Mission accomplished for Baldwin City bike camp

ICan Shine camp floor leader Kenan Brod runs along side of Faith Wallis at a Friday session of the ICan Shine bicycle camp on a Baldwin High School parking lot. With the help of 88 volunteers, 27 individuals with physical and/or developmental disabilities learned to bike at the five-day camp. Enlarge photo

June 30, 2015

As she was explaining her reasons Friday for volunteering for last week’s ICan Shine bike camp at Baldwin High School, Laura McCall suddenly noticed young campers engaged in something she would not have thought impossible four days earlier.

“Look, they’re racing,” she said, pointing at two campers vying for inside position as they raced around a practice track set up on a Baldwin High School parking lot. “On Monday, they didn’t even know how to ride. To see how far they’ve come is amazing.”

McCall, of Vinland, was one of 88 volunteers who helped 27 youngsters and adults learn to ride bicycles at the ICan Bike camp last week at Baldwin High School. It was the second straight year Baldwin school district occupational therapist Barbara Schwering and special education instructor Betsy Ulrich have brought the ICan Shine bike camp to the high school.

ICan Shine, a Pennsylvanina-based nonprofit, offers camps nationwide that teach children and adults with physical and/or developmental disabilities to ride bicycles, starting them on the first day of the camp on bikes equipped with belt-driven foot-long rollers instead of rear wheels. During the camp’s five days of 75-minute sessions, the bikers switch to bikes with progressively smaller rollers before graduating to those with standard rear wheels.

Another specialized safety precaution are long handles extending from the rear seat that trainers can use to help the novice riders with stability. On Friday, four of the six riders in the camp’s second afternoon session had moved past the need for that added precaution.

The cyclists improvement was such that there was little for her or most of the other volunteers to do Friday but shout encouragement to the riders. That wasn’t the case earlier in the week, McCall said.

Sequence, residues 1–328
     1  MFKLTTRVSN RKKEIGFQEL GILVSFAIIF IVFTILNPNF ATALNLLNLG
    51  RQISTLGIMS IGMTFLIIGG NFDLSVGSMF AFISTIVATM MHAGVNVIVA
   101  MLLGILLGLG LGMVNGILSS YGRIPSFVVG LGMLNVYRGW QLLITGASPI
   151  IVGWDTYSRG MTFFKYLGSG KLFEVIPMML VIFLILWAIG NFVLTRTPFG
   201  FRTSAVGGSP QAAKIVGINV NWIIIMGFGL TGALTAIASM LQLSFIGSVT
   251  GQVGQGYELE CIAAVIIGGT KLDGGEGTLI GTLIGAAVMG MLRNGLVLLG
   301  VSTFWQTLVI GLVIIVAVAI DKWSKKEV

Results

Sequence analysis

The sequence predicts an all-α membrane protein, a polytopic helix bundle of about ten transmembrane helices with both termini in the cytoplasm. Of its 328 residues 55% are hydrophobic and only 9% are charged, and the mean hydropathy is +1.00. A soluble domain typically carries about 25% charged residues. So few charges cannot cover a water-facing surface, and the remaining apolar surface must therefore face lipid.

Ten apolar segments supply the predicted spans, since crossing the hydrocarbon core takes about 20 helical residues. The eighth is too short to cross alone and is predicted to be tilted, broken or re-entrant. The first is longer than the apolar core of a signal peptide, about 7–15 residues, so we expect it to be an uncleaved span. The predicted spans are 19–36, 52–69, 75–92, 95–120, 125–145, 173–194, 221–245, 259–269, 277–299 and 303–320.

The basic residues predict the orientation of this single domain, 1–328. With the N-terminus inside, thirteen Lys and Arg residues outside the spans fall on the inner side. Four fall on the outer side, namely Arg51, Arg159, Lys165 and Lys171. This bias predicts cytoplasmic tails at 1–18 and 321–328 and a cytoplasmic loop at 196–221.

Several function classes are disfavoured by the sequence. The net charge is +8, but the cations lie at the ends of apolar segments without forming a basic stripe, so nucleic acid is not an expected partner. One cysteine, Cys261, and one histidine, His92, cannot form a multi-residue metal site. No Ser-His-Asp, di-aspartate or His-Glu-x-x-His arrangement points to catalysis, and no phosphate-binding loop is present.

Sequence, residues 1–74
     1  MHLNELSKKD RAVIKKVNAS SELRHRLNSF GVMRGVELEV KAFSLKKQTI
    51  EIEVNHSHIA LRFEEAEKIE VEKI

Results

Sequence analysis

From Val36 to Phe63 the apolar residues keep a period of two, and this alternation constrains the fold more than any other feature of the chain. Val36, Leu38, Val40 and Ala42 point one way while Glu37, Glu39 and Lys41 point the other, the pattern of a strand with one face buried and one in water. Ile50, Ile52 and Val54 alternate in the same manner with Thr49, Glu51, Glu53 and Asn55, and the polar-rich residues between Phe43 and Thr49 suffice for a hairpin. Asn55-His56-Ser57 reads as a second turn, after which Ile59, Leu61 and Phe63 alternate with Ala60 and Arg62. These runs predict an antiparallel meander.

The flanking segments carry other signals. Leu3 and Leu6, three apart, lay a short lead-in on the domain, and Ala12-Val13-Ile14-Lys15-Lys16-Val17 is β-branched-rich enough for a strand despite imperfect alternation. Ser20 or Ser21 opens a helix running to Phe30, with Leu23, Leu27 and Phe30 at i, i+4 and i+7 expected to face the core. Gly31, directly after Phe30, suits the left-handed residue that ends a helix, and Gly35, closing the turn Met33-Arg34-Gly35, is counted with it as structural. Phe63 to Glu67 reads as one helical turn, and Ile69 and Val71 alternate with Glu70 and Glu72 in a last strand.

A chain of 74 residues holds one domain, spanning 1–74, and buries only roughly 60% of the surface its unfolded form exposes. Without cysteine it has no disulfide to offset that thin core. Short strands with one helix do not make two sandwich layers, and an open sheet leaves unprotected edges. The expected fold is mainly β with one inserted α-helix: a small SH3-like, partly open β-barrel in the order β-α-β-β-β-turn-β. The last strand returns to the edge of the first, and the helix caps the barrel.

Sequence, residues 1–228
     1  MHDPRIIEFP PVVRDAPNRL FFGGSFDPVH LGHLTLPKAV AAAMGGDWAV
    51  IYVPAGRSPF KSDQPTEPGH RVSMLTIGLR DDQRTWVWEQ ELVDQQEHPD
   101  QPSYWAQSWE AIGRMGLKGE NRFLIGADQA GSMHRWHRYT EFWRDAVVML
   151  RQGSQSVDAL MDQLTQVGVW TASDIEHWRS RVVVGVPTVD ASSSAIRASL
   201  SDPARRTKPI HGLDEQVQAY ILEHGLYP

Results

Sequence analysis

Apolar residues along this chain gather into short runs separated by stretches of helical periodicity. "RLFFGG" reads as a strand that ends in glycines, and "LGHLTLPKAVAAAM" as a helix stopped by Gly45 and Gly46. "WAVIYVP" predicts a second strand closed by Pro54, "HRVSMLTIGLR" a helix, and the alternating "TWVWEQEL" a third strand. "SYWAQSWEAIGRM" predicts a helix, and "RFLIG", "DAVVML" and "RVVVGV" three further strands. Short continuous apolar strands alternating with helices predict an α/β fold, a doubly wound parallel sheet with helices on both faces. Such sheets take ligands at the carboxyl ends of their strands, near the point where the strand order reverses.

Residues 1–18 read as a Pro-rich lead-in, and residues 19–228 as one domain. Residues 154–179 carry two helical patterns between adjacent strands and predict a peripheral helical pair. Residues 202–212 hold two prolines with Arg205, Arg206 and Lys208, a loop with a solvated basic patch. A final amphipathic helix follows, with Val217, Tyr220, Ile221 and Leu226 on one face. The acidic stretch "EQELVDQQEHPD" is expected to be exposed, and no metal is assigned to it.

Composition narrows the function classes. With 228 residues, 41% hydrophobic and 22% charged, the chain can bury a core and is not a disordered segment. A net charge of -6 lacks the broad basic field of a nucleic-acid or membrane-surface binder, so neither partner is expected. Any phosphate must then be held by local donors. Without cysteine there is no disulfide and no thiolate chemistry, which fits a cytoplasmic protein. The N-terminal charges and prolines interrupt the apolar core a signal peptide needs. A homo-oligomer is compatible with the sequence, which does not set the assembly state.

“The first two days we ran with the kids tag team,” she said. “It looks like there’s a lot here now (volunteers), but we were very busy before.”

Schwering said the number of volunteers could have been reduced late in the week, but she didn’t want to deprive those who gave their time the satisfaction of seeing the campers’ improvement.

“They like to see the progress the campers make,” she said.

Parents are also impressed with how well their children were riding.

Watching Friday as her son De’Mondre Monroe circled the training parking lot, LaToya Edwards, of Shawnee, said her attempts to teach her 15-year-old son to ride failed.

“He was always afraid of falling and hurting himself,” she said. “He’s doing great. He usually doesn’t like camps, but he’s really excited to come to this. Today he was like, ‘Mom, it’s late. We’ve got to get going.’”

Edwards said she learned at the camp she had bought the wrong kind of bike for her son and that contributed to her failed attempts to teach him to ride. It was suggested he would do better with a “cruiser” type bicycle, she said.

Such advice is one of the things she does as travels from community to community with bike technician Mark Spicer to put on the ICan Shine bike camps, said Kenan Brod. A recreational therapist with a recreational program near Baltimore, Md., nine months a year, she is in her fourth summer of traveling the ICan Shine bike camp circuit, Brod said.

Her other duties as floor instructor at camps include leading the 75-minute training sessions and instructing volunteers on training techniques.

Campers started inside the gym and switched to riding in the parking lot on the camp’s third day if they were ready, Brod said. Despite her and the volunteers’ watchful eyes and the specialized equipments, spills happen, she said.

“We give them encouragement and get them right back on the bike, so they don’t become afraid of it,” she said.

Ulrich and Schwering said there were 88 volunteers for the camp this year. They included Baldwin High School and Baker University students, faculty and staff members from the school district and university, 22 students and staff in the Neosho County Community College occupational therapy assistant program and residents from Baldwin City, Lawrence and other nearby communities.

Many of the volunteers have expressed interest in helping again next year, they said. Ulrich and Schwering plan to offer the camp again next summer in another community nearby. That change of venue is a sign of the camp’s success the past two years in Baldwin City.

“When we brought the camp to the community we did so with a number of people in mind,” Ulrich said. “All those kids have been through the camp in the last two years.”

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